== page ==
Micro-biome basics

The media is promoting the “good bacteria” in our guts – it is a great selling point for yoghurt however does not apply to most factory yoghurt.  Still, “good bacteria” is important.

Besides all the organisms you can see, from fruit flies to elephants, there are thousands too small to see.  These, the micro-organisms, are bacteria, protozoa, viruses, yeasts, and so on. They are one-celled creatures and fully alive:  they absorb nutrition, expel waste, and grow and reproduce according to their own internal DNA. Micro-organisms are essential to us.  They make all our fermented foods like wine, beer, cheese, yoghurt and more, and they make our bread rise.

They also live on us and inside us; they help digest food and make vitamins.  If you are healthy, about ten pounds of your weight is actually your micro-biome, (also called “biota”) the collection of millions of invisible (to the naked eye) micro-organisms that call your body home.  Most of them are in your gut or on your skin. You can’t be healthy without them.

They were first discovered in the 1600’s when the microscope was invented.  Recently, our knowledge about the micro-biome has been exploding.

Now, what is your gut?  The digestive tract or ‘alimentary tract’ is essentially a long tube – around 30 feet long if you straightened it out. It starts with the mouth and includes the esophagus (in the throat), stomach, small intestine, large intestine, colon, and rectum.  Like the hole in a doughnut or a bagel, it goes through but actually not into. The surface of the outside continues as the surface of the tube. In fact, the skin and the gut are formed from the same type of cell—epithelial cells. They both offer hospitality to micro-organisms.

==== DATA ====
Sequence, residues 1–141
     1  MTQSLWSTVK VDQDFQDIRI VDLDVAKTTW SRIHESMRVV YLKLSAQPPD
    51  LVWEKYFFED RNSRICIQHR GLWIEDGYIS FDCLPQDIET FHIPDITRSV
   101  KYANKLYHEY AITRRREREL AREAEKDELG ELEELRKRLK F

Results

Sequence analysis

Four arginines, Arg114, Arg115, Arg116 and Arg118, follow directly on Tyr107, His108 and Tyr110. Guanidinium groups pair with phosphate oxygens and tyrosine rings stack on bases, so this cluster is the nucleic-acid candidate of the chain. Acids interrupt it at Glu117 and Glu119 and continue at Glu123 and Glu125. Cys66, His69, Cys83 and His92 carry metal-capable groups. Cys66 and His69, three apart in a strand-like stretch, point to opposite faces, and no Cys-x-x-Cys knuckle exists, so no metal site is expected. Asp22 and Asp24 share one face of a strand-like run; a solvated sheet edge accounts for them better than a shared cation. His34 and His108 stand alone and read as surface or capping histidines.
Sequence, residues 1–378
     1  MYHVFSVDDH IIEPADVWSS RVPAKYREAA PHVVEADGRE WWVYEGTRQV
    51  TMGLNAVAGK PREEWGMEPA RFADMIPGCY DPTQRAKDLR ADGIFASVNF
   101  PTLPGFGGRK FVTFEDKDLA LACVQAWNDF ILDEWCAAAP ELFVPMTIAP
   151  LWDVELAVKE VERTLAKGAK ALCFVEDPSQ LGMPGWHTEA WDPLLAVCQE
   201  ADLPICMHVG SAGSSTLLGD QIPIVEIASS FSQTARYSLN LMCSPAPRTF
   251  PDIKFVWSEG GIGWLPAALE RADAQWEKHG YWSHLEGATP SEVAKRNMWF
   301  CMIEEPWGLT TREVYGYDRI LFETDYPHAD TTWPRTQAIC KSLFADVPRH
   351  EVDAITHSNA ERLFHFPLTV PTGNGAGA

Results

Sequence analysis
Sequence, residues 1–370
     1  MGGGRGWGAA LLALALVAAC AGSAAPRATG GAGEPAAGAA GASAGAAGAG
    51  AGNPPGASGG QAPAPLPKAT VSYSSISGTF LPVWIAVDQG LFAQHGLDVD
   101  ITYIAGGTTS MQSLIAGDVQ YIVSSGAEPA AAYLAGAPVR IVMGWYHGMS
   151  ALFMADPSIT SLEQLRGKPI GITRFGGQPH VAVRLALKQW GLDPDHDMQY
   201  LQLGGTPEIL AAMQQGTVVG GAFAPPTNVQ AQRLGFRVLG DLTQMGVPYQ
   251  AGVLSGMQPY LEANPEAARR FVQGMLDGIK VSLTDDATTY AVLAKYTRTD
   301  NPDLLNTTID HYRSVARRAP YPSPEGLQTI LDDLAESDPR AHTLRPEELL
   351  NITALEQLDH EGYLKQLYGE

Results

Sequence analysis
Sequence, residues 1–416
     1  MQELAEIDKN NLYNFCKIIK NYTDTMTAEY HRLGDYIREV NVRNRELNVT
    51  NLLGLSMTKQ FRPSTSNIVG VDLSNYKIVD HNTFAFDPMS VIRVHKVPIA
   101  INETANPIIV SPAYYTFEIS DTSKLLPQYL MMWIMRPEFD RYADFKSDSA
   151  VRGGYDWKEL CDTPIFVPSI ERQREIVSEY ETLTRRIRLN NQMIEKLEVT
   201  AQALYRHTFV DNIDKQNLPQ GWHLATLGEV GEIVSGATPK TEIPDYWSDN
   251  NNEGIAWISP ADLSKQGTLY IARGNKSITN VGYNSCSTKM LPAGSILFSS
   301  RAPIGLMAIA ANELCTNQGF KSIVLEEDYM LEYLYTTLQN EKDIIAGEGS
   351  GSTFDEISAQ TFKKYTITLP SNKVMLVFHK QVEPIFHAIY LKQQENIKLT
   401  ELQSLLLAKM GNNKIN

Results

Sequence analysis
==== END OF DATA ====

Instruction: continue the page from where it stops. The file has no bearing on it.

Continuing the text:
Of course, these are not all good.  “Germs” are disease-causing biota, and when our immune system can not control them, we use “antibiotics.”   When we support the immune system, we can minimize our dependence on antibiotics. That is best because otherwise the germs adapt to survive and antibiotics also kill friendly essential bacteria.   Sometimes yoghurt is recommended after a series of antibiotics to repair the microbiome. Most commercial yoghurt has no live bacteria plus added sugar; that stuff won’t help you much.

The good microbes on your skin help keep disease out.  I seriously question those hand “sanitizers” that are everywhere now because some studies suggest that instead of protecting us, they do more harm by killing good bacteria.  

The micro-biome and our relationship with it are huge topics.  Maybe keep this introduction handy for further explorations. How we replenish it (probiotics), how we nourish it (prebiotics), its role in physical and mental health and chronic illness. For those interested, my workshop on micro-biome in January is at Torrance Health in Markham, far from Downsview, but it’s free and you are welcome. The date is not confirmed – please email me if you want details.

Comments or questions? Write to Nicole@IndividualCare.com.   Nicole Constant is a registered Doctor of Naturopathy.   Her website is:  www.IndividualCare.CA.

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